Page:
As perhaps we’ve established with some earlier blog posts, I’m quite interested in gleaning what minuscule amounts of evidence I can from the statistics WordPress collects about my blog and how people find it. Once I’ve closely examined the numbers, I then like to analyze what those statistics and the search terms that people used to find my site might indicate — perhaps I have more of an affinity for cliometrics than I’ve let on previously. Pretty riveting pasttime, right?
Most notably (or at least most fully articulated) I discovered that many people have found my blog because they have a great interest in James K. Polk, his diet, corn pone, presidential eating habits, or some combination or permutation of the aforementioned categories. This evidence about Polk and corn pone sparked some musings about the nature of research and peoples’ (ostensibly students?) ability to assess the quality of information they encounter online and evaluate its provenance and value. In fact, many of those thoughts share much in common with the Howard Rheingold session on “Crap Detection” on which I took assiduous notes at the ISTE Conference — a post which in its own right has become rather popular (hooray for name dropping!).
Well, this post isn’t about any nearly so analytical, but is rather something much more omphalocentric (and for those of you concerned that I’m verging on dealing with the inappropriate, here’s the definition): myself.
Certainly, one of the more frequent search terms I encounter is “Nate Kogan” — sometimes appropriately capitalized, sometimes not, but I won’t hold it against any web searchers out there who seemingly eschew the conventions of proper nouns. I’ll chalk that faux pas up to too much texting and other nefarious 21st century technologies.
Occasionally, I discover that my blog or something else I’ve written has been stumbled upon by some other education-oriented blog and written up in a brief profile. These discoveries are always indicated by a huge spike in traffic that is seemingly independent of anything in particular that I’ve written.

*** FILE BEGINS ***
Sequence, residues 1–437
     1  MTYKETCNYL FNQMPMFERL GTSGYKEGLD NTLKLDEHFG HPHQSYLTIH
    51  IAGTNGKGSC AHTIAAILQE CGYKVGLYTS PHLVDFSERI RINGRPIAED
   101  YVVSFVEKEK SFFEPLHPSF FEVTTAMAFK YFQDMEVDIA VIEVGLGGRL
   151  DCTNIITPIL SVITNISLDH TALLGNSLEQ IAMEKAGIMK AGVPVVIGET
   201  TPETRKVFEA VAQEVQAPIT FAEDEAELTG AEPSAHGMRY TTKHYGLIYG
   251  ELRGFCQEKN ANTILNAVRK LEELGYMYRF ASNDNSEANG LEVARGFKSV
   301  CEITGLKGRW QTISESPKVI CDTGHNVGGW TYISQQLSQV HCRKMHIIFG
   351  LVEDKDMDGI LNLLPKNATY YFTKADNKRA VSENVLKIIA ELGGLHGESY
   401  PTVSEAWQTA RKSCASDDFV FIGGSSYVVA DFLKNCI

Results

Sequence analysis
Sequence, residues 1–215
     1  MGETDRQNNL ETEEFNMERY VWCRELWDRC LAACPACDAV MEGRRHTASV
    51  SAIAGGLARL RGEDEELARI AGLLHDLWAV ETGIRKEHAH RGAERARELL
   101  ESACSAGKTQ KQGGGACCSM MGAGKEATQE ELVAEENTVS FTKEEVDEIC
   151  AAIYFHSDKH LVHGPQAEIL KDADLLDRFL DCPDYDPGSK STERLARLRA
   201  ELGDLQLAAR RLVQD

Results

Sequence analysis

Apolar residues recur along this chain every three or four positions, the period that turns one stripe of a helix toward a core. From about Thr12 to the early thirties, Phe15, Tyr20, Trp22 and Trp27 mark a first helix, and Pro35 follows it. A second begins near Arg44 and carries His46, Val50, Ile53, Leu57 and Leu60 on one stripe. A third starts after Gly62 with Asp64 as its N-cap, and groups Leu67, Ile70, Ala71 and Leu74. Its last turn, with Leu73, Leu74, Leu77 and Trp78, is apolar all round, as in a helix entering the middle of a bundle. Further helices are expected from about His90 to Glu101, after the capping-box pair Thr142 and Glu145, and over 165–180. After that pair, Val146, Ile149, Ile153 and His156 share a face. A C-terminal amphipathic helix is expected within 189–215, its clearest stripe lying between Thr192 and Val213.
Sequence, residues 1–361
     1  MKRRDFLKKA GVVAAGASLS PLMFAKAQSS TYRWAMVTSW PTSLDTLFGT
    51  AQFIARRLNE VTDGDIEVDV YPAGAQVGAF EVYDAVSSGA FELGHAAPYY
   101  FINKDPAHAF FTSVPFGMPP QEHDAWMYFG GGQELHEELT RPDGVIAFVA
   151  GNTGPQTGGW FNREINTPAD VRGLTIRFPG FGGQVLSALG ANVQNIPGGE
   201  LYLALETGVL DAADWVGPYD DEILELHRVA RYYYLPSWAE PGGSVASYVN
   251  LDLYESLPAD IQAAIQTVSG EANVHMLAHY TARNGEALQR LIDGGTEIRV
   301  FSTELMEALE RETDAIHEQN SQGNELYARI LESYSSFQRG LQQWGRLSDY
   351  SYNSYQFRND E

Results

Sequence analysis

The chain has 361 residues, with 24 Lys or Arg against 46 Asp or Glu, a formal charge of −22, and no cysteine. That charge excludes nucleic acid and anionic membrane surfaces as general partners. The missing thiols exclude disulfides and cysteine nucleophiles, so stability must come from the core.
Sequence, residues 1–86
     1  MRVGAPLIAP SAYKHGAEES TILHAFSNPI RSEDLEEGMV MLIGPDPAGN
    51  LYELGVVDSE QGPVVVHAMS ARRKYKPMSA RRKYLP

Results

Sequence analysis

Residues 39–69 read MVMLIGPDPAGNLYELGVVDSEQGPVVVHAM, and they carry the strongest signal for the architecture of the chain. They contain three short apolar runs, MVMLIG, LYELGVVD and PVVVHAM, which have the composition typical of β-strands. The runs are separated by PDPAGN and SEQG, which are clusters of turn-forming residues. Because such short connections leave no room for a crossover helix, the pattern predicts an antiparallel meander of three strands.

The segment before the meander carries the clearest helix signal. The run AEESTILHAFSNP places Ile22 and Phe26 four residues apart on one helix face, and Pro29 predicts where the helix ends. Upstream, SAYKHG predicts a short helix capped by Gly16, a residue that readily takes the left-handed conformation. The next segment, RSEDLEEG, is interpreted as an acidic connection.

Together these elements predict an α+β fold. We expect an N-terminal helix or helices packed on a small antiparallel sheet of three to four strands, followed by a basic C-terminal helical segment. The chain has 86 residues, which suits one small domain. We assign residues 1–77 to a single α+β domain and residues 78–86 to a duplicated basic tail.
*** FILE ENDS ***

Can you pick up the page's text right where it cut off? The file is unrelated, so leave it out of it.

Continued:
The most notable instance of this phenomenon occurred last December and carried over into January when the ASCD InService Blog wrote a nice profile of my blog noting some of the projects that I’d written about and tools that I’d incorporated into my posts. In fact, their brief mention of my use of Wikipedia as a way to teach historical research is something I’m hoping to follow up with shortly and is also something I’m thinking would make good fodder for a conference presentation…ah, so much to do.
The next mention I discovered, which helped contribute to the spike created by the ASCD profile, came from a website called MiddleWeb, which, as the name might indicate, is a middle school resource-oriented blog. The jury’s still out on whether this connection/recommendation is ironic or not as my most notable interactions with middle school students have revolved around firm (but well-intentioned) admonitions to tuck in errant shirttails. (Sorry I don’t have a hyperlink for that; it would undoubtedly be entertaining!). In any event, MiddleWeb wrote a brief follow-up on the ASCD piece about my blog, its contents, and then me (did that typographical trick indicate blushing effectively or was it too meta? I’ll have to refine that one). Here’s my favorite excerpt from that article: